Comply with the workplace rights and wage laws that protect employees.

Workplace RightsThe law protects employees from workplace discrimination, harassment, and retaliation. Federal, state, and local laws also ensure full and timely payment of your wages and provide other safeguards relating to employment.

How we help employers

We counsel employers on workplace rights to help them comply with the law and create a culture that will let their workers and business thrive. We review and draft new employment agreements, stand-alone agreements, or separation and release agreements, to minimize the risk of dispute and protect your company from allegations of misconduct.

If a dispute as to workplace rights arises, we attempt to resolve the issue informally with minimal cost and disruption. If formal proceedings are initiated, we can represent employers in litigation in state and federal courts in Virginia, Maryland, and the District of Columbia, or in mediation, arbitration, and agency proceedings.

How we help employees

We work with employees who are reviewing new employment agreements, stand-alone agreements, or separation and release agreements, to ensure they are being treated fairly under the law and receiving the benefits to which they are entitled. We discuss and analyze the circumstances of your employment and termination (whether voluntary or involuntary), and determine what potential claims may exist. We can then negotiate with employers to obtain fair terms and compensation.

If you are not satisfied with the negotiated terms, we can advise you as to your options for litigation, arbitration, mediation, and agency proceedings. We aggressively advocate for our clients in state and federal courts in Virginia, Maryland, and the District of Columbia, and in mediation, arbitration, and agency proceedings.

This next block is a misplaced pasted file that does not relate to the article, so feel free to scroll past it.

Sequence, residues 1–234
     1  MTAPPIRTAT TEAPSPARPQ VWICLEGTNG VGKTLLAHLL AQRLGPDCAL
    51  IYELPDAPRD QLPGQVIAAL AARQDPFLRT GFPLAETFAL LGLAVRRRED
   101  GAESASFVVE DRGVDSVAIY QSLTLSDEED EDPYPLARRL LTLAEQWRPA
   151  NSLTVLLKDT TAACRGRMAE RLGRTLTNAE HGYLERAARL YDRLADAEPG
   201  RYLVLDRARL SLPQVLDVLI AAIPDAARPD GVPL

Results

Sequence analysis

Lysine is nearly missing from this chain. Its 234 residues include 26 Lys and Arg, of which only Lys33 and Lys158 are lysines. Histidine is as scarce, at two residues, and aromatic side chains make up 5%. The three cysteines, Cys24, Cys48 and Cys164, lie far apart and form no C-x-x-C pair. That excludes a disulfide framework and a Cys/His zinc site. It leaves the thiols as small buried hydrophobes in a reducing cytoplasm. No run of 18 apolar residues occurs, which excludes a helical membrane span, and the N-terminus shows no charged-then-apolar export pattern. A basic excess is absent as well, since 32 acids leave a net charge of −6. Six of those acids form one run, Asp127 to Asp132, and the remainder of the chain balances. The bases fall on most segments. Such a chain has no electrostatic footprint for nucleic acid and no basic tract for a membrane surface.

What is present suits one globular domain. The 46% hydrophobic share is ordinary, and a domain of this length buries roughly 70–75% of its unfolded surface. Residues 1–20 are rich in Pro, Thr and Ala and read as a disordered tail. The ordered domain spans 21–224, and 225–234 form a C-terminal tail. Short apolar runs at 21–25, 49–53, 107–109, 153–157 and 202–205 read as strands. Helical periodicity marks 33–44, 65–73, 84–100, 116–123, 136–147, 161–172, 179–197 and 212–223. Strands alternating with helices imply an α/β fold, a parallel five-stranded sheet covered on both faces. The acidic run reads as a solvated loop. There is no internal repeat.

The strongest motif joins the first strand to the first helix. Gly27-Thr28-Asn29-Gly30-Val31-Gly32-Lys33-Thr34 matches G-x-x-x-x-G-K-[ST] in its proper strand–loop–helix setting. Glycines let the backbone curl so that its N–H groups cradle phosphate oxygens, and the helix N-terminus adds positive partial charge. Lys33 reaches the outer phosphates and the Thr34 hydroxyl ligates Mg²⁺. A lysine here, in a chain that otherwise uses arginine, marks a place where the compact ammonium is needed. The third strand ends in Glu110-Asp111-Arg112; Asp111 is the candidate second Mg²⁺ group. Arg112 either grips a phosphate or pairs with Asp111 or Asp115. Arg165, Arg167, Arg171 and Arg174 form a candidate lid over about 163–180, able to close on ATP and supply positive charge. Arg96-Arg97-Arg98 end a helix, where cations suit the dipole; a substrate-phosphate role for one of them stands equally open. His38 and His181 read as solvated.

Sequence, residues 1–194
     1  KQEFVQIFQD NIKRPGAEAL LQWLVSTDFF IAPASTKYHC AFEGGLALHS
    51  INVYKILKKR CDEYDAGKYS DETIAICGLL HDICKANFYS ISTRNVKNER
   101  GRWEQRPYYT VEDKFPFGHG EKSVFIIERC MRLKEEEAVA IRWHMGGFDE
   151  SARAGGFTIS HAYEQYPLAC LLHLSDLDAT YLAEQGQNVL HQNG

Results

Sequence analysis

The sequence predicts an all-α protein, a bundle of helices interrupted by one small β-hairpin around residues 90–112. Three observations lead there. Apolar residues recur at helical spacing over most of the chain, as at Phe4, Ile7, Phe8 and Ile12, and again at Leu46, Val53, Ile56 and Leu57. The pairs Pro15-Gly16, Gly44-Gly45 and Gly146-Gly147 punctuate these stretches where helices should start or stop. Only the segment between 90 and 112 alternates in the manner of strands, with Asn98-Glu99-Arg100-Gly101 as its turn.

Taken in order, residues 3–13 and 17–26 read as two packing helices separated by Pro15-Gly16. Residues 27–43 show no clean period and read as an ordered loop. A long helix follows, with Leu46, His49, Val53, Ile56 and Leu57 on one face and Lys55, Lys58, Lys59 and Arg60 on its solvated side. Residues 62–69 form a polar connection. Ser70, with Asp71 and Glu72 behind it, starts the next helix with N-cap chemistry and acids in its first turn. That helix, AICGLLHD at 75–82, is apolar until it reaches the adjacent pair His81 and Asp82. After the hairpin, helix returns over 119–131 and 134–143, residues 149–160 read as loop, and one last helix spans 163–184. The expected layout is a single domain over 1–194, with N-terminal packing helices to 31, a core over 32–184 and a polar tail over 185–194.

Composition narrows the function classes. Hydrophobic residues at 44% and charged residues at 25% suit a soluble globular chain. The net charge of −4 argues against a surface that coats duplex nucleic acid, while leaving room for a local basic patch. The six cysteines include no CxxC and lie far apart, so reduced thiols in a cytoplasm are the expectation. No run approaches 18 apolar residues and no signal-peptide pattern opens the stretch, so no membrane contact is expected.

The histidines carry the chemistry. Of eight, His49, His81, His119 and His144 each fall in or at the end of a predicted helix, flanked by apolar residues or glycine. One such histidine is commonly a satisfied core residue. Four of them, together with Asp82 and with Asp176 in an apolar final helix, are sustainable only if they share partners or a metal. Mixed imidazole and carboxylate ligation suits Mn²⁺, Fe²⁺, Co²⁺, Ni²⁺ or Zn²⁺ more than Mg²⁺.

Protections at many levels

Federal laws protect employees from unlawful discrimination and harassment in hiring and employment. These laws also protect employees from retaliation for engaging in “protected activity,” such as opposing unlawful employment practices or participating in efforts to investigate and enforce the laws prohibiting such practices.

Some of these important federal statutes include:

  • Title VII of the Civil Rights Act of 1964, which prohibits discrimination against employees and applicants based on race, color, religion, sex, or national origin;
  • The Age Discrimination in Employment Act (ADEA), which protects persons 40 or older from workplace age discrimination, including in hiring, firing, salary, and other terms and privileges;
  • The Americans with Disabilities Act (ADA), which makes it unlawful to discriminate against qualified individuals with disabilities in workplace application procedures, hiring, firing, advancement, compensation, training, and other areas of employment; and
  • The Equal Pay Act, which helps ensure that men and women performing equal work in the same workplace are afforded equal pay.

In addition to federal statutes, state and local laws provide further (and sometimes greater) workplace protections. For example, the District of Columbia Human Rights Act and the Virginia Human Rights Act prohibit discrimination based on an employee’s membership in a variety of protected classes. The Maryland Commission on Civil Rights enforces Maryland’s laws against discrimination in employment.

Many cities and counties also have human rights laws, and commissions to enforce those laws, including:


Both employers and employees must understand how the law protects workplace rights. Employers need to comply with the law and create a positive culture, free from unlawful discrimination and retaliation. Employees must understand how to ensure they receive the fair and equal treatment to which they are entitled.

To learn more or speak with an attorney, email us or schedule a free phone consultation at a time that's convenient for you.

For information purposes only. Not legal advice.